Jan. 31—SOUTHERN INDIANA — There are still no answers as to what lead to the carbon monoxide issue in Clark and Floyd counties on Christmas Eve, and the investigation into the matter is still ongoing.
A representative of the Indiana Utility Regulatory Commission told lawmakers this week that gas provider CenterPoint Energy's third-party vendor investigating the issue needs more time to "hone in" on a possible cause.
IURC Executive Director of Legislative and Public Affairs Luke Wilson told lawmakers the Pipeline Safety Division is waiting on the the vendor to complete its analysis of data collected from a propane plant.
"At this point I am looking for specifics about the delay," said State Rep. Ed Clere, R-New Albany. "We're coming up on six weeks since the incident, and I don't understand why we aren't getting more details at this point. At minimum if there is a need for more time, then we need to understand why."
Both Clere and State Rep. Rita Fleming, D-Jeffersonville, have been vocal about wanting answers about the situation and have said CenterPoint needs to compensate residents for any costs incurred that day.
Wilson said CenterPoint is contacting people who complained. Residents are asked to send any documentation like photographs, estimates or invoices, to the company.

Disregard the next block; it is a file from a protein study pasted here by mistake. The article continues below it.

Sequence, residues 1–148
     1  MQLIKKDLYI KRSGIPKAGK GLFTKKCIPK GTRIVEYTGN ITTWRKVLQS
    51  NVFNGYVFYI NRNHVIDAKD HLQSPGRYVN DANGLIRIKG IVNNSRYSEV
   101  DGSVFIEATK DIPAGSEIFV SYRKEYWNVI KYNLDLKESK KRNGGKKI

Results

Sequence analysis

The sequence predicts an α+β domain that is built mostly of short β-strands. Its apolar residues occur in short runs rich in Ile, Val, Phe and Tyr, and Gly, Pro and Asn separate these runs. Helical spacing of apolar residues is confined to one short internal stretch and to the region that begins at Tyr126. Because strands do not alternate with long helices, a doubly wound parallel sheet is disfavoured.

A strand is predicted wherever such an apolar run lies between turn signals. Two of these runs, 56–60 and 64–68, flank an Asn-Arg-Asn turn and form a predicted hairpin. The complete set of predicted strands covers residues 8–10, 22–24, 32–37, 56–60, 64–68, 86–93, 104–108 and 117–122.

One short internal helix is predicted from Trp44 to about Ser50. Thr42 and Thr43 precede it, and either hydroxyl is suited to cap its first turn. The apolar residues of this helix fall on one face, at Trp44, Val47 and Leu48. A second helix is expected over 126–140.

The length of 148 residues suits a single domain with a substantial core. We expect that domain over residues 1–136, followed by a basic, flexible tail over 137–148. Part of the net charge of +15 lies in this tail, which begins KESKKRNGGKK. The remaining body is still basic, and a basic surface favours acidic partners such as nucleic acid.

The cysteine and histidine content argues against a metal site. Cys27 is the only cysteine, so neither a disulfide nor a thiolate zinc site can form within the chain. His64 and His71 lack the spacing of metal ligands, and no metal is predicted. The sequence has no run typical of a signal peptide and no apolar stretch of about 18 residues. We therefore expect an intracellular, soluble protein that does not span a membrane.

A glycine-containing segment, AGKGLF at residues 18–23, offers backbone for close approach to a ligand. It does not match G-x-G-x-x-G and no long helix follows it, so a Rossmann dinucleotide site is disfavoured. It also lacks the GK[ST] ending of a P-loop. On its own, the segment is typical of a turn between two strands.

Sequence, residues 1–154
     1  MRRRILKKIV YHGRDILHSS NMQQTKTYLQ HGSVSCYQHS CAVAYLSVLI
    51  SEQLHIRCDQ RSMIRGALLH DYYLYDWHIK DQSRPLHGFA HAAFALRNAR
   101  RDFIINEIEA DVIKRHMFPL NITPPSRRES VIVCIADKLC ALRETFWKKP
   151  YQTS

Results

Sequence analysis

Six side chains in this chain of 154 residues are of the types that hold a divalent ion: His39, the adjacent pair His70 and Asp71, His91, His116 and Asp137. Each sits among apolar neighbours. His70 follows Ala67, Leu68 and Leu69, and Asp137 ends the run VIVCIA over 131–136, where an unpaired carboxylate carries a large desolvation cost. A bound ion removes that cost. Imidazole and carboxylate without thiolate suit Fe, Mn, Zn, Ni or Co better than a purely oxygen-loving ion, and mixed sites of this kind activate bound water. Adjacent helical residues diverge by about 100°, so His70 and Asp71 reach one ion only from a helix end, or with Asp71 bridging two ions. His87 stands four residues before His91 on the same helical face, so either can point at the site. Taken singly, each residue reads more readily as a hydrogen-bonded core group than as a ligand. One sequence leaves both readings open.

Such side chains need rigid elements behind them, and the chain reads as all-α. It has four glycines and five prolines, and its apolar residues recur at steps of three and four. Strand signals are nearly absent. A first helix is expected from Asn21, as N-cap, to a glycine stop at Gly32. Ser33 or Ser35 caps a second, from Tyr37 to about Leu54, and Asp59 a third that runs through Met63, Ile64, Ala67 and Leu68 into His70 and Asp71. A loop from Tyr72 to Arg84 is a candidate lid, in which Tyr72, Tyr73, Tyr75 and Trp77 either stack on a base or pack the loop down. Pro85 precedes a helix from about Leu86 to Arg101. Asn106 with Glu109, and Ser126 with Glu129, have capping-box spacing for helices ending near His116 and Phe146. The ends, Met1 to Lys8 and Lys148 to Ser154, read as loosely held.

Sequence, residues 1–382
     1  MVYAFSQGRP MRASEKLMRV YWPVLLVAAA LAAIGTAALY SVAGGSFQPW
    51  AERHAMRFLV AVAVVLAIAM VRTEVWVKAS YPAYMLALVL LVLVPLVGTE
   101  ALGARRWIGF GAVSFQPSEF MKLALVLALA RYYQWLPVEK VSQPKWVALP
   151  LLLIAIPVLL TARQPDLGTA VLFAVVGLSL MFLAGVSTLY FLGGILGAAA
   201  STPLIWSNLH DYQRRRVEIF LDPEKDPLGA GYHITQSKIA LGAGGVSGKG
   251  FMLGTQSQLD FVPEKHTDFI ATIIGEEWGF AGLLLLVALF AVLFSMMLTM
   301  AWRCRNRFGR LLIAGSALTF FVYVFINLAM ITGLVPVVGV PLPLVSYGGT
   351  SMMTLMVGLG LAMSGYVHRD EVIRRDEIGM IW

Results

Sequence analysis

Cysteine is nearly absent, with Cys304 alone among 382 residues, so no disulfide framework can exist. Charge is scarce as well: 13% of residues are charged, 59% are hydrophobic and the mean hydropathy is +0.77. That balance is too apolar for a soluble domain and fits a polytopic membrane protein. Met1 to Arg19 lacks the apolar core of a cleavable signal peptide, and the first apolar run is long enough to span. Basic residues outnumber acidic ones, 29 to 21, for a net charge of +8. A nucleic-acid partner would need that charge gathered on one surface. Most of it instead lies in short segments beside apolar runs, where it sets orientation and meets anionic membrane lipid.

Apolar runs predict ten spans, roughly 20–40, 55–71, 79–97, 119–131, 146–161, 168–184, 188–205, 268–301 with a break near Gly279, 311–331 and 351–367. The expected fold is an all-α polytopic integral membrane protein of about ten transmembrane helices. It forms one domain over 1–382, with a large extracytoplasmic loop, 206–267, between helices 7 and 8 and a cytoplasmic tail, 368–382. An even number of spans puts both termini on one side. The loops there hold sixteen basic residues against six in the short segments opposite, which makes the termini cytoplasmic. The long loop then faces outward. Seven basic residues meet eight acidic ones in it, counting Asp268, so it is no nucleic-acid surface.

The letter states after those items are received, and the company completes its investigation, CenterPoint will be in touch with customers.
"I have not heard from any constituents that they have received the letter, and the letter is an improvement over the complete lack of communication from CenterPoint up until now, but it's still not enough," Clere said, adding that it is his understanding the letter is only going out to people who reached out to CenterPoint about gas issues.
The Town of Clarksville received more than 100 calls about carbon monoxide issues and malfunctioning appliances on Christmas Eve. Some people reported flames shooting out of gas stoves and heavy soot near appliances. Authorities took four people to the hospital for carbon monoxide-related complaints. Similar calls were also made in New Albany.
Business owners and residents told the News and Tribune they lost money because of the issues.
The IURC started its formal investigation into the incident on Jan. 6. Since then, officials with the commission's Pipeline Safety Division have inspected records at CenterPoint facilities in Sellersburg and Jeffersonville. CenterPoint has hired its third-party firm, Standby Systems of Minneapolis, and stopped its practice of mixing propane into the natural gas supply.
"I am open to the possibility that the investigation is going to take additional time to complete," Clere said. "But we at least need to know why that's the case."
A representative from the IURC told the News and Tribune Tuesday that the investigation by the Pipeline Safety Division is still ongoing and there are no additional updates at this time. The News and Tribune has contacted a representative from CenterPoint for an update on their investigation as well, and will provide information as it becomes available.
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